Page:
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A Beloved Mail Carrier Retired And The Whole Neighborhood Turned Out To Say Goodbye

After 20 years on the same route, hundreds of people threw a party to send off Floyd Martin.

Posted on May 24, 2019, at 5:11 p.m. ET

This is Floyd Martin. He's been a mail carrier in Georgia since 1985.

Becky Poole

For the last 20 years, Martin's worked the same route in downtown Marietta, and all the people along his route have come to love him — REALLY love him.

“He’s really part of our family," Sarah Bullington, who has lived in the neighborhood for 11 years, told BuzzFeed News. “He’s just really special.”

Martin told BuzzFeed News the best part of his job was all the people he met and befriended over the years.

"They would invite me to dinner. [On] holidays, they would try to make sure I wasn’t alone. They bring gifts to me. If my truck broke down, which it did, they would come out to check on me. They were there for me," he said.

So when the some of the neighbors learned Martin was planning to retire a couple of months ago, they knew they had to send him off in style.

“I knew we had to do something big,” said Becky Poole, who has known Martin for about 25 years. “I had no idea it was going to be this big.”

Becky Poole (left)
Johnny Walker

Becky Poole (left)

Around 500 people live on Martin’s route, and the group decided to invite every single one of them to be part of the celebration.

The group asked people to decorate their mailboxes for Martin’s last day and to come for a potluck party.

“I had a little meeting on my porch one night with some ladies and we kind of devised a plan,” said Bullington. “We divided up our neighborhood into zones, and we would walk our dogs and stuff mailboxes with a flyer that told people what we were doing.”

They didn’t know how many people would participate, and on Thursday morning Poole was worried that it would be smaller than she hoped.

“You’re not sure how many people are going to decorate their mailbox. When I was walking early I thought, Participation on our street is not that great,” she said.

But when she drove back down the street two hours later, everyone had decorated their mailboxes.

Johnny Walker
Molly Scarbrough
Becky Poole

The group said it was fitting send-off for someone who has touched their lives through generations.

“I don’t remember the moment we first met Floyd,” said Bullington. “But probably the third year we were there he had made enough of an impact on our family that my 3-year-old daughter wanted to dress up as Mr. Floyd for career day at school, and then he came to her birthday party.”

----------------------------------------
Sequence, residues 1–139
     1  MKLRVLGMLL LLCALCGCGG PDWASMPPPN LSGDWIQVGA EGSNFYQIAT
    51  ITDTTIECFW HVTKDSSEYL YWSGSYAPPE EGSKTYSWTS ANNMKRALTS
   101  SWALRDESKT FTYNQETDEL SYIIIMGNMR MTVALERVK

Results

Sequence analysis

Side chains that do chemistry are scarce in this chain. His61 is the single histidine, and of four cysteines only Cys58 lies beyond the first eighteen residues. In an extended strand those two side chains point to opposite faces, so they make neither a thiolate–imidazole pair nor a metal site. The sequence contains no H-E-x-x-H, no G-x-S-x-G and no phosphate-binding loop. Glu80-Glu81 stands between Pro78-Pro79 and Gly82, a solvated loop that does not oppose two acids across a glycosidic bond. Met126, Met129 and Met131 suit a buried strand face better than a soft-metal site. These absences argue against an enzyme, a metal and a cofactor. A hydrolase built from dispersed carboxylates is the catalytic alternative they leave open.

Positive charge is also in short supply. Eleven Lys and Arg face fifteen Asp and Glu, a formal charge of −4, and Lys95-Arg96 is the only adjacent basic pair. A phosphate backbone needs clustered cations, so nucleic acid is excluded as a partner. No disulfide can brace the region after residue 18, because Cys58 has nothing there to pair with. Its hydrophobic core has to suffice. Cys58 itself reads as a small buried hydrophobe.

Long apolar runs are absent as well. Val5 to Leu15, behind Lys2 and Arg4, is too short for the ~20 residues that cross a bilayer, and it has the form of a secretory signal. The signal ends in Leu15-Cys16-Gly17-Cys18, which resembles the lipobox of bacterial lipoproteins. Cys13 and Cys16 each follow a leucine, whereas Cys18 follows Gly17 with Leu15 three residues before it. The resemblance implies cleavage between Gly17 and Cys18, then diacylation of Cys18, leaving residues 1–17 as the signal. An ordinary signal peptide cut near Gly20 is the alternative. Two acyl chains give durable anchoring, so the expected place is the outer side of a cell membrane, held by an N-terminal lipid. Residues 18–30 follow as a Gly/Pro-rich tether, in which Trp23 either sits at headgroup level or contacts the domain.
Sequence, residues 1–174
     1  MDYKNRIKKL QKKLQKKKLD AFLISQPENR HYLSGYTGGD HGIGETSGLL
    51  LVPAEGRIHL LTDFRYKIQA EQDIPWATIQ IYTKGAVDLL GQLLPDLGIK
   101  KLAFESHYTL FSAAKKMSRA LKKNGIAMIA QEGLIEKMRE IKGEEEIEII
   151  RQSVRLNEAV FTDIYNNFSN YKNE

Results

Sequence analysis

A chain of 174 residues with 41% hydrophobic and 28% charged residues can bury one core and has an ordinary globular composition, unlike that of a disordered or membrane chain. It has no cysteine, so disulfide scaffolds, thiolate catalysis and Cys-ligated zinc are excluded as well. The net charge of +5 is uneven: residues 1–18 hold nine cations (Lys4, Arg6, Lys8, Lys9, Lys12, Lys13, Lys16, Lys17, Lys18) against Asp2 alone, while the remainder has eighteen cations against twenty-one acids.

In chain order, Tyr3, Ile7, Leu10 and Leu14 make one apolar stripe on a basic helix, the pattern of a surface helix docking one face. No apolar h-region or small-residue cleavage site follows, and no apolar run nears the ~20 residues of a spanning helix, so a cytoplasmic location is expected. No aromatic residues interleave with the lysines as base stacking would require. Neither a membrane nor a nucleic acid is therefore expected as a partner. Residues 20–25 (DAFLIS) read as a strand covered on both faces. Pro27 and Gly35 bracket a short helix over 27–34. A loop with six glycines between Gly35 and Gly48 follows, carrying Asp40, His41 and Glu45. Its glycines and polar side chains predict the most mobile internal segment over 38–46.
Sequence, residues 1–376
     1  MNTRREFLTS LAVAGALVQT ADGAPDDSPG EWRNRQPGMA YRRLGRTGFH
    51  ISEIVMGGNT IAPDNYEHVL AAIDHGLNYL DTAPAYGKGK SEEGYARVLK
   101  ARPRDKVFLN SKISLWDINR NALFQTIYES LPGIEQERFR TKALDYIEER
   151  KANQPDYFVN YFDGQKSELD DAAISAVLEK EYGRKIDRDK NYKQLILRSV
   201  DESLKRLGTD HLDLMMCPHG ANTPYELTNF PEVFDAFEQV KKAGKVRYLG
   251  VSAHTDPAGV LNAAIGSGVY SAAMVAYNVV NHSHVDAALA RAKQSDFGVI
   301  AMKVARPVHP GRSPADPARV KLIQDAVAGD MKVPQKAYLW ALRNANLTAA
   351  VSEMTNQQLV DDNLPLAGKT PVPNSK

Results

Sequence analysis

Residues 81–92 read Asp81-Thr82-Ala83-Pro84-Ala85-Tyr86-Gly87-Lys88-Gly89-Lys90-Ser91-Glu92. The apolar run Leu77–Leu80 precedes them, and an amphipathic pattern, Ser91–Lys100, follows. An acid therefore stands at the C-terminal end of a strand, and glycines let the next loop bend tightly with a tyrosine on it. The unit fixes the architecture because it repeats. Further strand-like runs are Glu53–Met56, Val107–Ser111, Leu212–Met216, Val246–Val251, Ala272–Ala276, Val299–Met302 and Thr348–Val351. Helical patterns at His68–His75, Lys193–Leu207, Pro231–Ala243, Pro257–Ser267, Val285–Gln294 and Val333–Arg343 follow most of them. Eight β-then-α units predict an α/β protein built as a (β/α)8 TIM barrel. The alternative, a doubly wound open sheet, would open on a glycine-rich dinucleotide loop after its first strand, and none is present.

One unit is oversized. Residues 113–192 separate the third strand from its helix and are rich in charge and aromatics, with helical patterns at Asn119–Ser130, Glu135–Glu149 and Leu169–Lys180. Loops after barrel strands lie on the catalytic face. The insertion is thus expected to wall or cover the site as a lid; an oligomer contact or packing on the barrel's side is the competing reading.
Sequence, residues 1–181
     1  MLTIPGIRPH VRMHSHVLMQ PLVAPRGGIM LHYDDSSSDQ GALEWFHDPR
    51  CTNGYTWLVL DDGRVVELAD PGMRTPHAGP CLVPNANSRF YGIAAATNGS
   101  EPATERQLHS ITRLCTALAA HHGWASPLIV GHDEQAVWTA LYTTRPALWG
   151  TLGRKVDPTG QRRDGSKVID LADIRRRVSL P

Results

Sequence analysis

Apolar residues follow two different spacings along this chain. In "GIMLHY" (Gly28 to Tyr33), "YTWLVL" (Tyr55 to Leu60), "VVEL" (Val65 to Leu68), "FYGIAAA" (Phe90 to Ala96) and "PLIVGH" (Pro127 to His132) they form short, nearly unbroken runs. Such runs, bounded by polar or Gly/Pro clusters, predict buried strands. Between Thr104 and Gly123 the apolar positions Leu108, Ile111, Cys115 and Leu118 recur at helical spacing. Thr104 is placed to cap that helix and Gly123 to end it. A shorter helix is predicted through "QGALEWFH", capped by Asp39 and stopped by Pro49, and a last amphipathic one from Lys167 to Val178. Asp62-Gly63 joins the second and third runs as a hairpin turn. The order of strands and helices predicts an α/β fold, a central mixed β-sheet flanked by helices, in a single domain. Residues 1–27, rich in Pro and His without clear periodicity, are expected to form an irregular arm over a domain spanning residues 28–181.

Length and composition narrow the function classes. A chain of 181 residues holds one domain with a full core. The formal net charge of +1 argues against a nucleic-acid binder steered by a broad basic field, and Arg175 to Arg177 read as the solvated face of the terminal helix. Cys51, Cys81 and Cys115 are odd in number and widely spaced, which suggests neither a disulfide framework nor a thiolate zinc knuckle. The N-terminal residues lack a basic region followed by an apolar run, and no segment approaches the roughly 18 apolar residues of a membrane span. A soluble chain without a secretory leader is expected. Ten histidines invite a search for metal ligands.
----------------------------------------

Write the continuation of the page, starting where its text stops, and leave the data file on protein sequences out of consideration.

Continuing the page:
Bullington's daughter Mae dressed up as Martin for career day.
Sarah Bullington

Bullington's daughter Mae dressed up as Martin for career day.

Martin celebrated a number of other birthdays — and births, holidays, sports victories, and graduations — with the people on his route.

“He gave every one of my kids a graduation gift. Whenever one of them graduated, he would put $20 in the mailbox,” said Poole. “It was just him, he loved our kids.”

He also loved the neighborhood’s animals, feeding the cats and bringing treats for the dogs.

“When one of our dogs died,” said Poole, “Floyd cried. He loved that dog.”

Over the years, the neighborhood came to rely on Martin for more than just mail.

“I’ve had a rough few years, and he would just look at me say, ‘Uh-oh, tell Floyd what’s wrong,'” said Poole. “We would stand out there and he would give me that huge Floyd hug and I would be better.”

Martin was especially kind to the elderly people on his route. Poole says that when her mother was suffering from multiple sclerosis, she would fall frequently, and on two occasions Martin was there to help her back up.

Another neighbor, Amanda Seals, now 45, said her grandmother has been singing Martin’s praises since she was in college.

“My grandmother has aged,” said Seals. “She has dementia and her vision is very, very poor, but she knows who Floyd is.”

Seals says that a photograph that the two took together on Thursday “will help her with her long-term memories that she does have.”

Amanda Seals

Martin told BuzzFeed News four other postal workers helped him complete his route on Thursday.

But even with all the help, he was still late to the party because so many people wanted to talk to him.

When he did finally arrive, “Everybody erupted in cheering,” said Bullington. “Not a dry eye.”

“Brought me to tears,” Martin said. “I’m a crybaby. I show my feelings.”

Bullington estimated that about 350 people of all ages showed up.

“You see this group of sullen teenagers line up when Mr. Floyd walks by. Teenagers!” she said. “They don’t like to do anything, but they all showed up for him last night.

Martin's story went viral this week after Jennifer Brett, a reporter with the Atlanta Journal-Constitution, tweeted about it while following Martin on his last day.

Martin told BuzzFeed News being a mail carrier isn’t easy, but that the relationships he built made it worth it.

“It’s a very hard job. I did not have that postal pace when I first started. It took me a while to get it and I got frustrated,” he recalled. “I called my mama said, ‘I can’t do this.’ She said, ‘Hang in there, baby.'”

“Any time I wanted to quit, I heard those words. So I did, and it all came together. I just went full force, 100%. I said, 'I want to be good at this, I want to be the best.'”

And, for those on his route, in downtown Marietta, that showed.

Martin arriving at the party.
Johnny Walker

Martin arriving at the party.

“We’re just very thankful for his years of public service,” said Seals.

“A lot of people can leave that behind and go into the private sector and have an air-conditioned office and whatnot,” she said. “It takes somebody with a true servant's heart to do what he did for as long as he did, and we’re grateful for that.”

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